ItemInclusive Innovation in the Private Sector: The Case of East African Tech Start-Ups( 2017-01-04)Inclusive innovation argues for the inclusion of societally marginalised groups into the innovation process in order for them to better benefit from the innovations. In the literature on the topic, the main actors behind these innovations are multinational enterprises or entities from the public or third sector. However, in a developing country context, inclusive innovation might be equally relevant for small private sector entities, as they often target the same users, for example the non-profit sector. \ \ This paper studies the role of inclusive innovation in technology start-ups in East Africa and argues that, despite their profit seeking purpose, contextual factors force many of these start-ups to automatically adopt methods advocated by inclusive innovation. This has important implications to evaluating the role of the private sector as a provider of services and products that can be seen as having a positive impact on the lives of these groups.
ItemGeographic Patterns and Socio-Economic Influences on Mobile Internet Access and Use in United States Counties( 2017-01-04)As mobile devices rapidly proliferate and internet services expand concomitantly, a confluence of the two enables users to access the internet on their mobile-cellular devices for a variety of purposes. In this paper, we examine mobile adoption and mobile internet usage in 3,108 counties of the United States for e-entertainment and e-commerce purposes. Spatial patterns of mobile internet adoption and usage are explored to understand the extent of the mobile internet digital divide in the US. Using the Spatially Aware Technology Utilization Model, socio-economic, innovation, affordability, and social capital influences on mobile adoption and mobile internet use are examined. Spatial dimensions of county-level mobile internet activity and evidence of strong association of geodemographic and tariff variables emphasize the importance of market forces on mobile internet usage. Policies to bridge the mobile internet digital divide are recommended based upon the significant influence of market factors, innovation, and affordability.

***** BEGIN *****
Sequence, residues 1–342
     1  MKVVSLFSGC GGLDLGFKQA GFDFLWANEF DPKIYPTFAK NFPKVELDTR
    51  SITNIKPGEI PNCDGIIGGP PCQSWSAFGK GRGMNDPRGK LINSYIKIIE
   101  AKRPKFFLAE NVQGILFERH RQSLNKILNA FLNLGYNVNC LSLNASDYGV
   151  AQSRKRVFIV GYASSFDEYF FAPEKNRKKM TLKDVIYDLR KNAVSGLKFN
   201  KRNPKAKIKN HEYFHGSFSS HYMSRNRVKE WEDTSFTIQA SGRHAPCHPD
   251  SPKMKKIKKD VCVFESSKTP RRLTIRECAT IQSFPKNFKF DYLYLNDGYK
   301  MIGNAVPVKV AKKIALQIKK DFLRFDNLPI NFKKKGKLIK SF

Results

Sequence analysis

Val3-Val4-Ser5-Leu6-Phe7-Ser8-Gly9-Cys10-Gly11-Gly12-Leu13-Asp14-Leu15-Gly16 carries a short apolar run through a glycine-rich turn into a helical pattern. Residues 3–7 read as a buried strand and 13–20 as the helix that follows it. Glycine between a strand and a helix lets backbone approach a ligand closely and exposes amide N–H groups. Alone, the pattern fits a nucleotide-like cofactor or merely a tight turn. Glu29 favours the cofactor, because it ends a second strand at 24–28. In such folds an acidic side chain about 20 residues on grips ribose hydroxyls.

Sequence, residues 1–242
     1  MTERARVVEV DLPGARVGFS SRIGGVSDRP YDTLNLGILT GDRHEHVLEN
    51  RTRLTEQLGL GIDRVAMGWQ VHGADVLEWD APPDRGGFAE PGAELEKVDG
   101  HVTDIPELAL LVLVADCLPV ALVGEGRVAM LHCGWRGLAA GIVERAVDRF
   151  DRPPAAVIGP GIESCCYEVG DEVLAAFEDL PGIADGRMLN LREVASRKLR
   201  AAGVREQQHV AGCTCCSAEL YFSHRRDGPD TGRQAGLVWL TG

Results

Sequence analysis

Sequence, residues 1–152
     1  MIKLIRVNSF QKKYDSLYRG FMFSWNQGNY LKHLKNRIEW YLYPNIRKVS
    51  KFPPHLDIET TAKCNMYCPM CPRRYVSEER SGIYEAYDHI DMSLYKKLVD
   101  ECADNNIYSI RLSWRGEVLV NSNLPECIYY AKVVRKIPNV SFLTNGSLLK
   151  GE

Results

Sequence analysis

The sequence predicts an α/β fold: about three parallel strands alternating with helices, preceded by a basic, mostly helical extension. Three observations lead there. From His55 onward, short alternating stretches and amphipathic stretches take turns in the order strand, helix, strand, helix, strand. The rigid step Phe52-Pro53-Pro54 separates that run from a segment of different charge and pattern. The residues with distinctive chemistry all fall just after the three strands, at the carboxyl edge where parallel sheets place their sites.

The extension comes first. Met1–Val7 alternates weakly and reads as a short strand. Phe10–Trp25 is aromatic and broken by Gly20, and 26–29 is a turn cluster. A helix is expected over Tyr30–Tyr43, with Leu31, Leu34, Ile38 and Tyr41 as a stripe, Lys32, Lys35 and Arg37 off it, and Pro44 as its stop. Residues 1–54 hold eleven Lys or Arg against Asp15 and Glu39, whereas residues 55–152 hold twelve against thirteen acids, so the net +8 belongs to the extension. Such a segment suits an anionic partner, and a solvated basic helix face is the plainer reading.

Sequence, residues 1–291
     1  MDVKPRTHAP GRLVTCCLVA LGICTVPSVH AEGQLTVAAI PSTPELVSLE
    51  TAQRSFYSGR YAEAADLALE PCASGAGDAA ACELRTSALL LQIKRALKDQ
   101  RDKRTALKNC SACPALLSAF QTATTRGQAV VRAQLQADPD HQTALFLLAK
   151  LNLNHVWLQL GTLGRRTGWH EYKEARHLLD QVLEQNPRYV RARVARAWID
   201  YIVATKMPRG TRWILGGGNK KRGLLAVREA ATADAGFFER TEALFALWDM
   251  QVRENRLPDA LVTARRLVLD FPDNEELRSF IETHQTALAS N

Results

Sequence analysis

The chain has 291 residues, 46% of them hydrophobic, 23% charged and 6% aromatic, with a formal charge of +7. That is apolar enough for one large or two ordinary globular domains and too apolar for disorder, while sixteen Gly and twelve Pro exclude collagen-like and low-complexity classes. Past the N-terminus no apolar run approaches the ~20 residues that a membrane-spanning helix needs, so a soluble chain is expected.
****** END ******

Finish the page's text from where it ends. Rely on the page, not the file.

ItemA Meta-Analysis of Enjoyment Effect on Technology Acceptance: The Moderating Role of Technology Conventionality( 2017-01-04)Recent advancements in Information and Communication Technology lead to the development of affordable, novel, out of the ordinary, and unconventional information technology artifacts. Such innovative technologies including virtual reality, wearable technology, and robots; feature unique human-computer interfaces, untraditional hardware designs, enable unique and atypical affordances, and provide their users with unprecedented experiences. As these artifacts become more pervasive, it is important to understand whether established Information Systems theories apply to this new paradigm. This meta-analysis introduces the definition of technology conventionality and investigates its moderating role on the effect of perceived enjoyment on users’ behavioural intention to use the technology with the aim of contrasting the effect sizes across conventional and unconventional technologies. Findings indicate that perceived enjoyment plays an important role in shaping users’ behavioural intention for both conventional and unconventional technologies. Implications for practice and future research are discussed.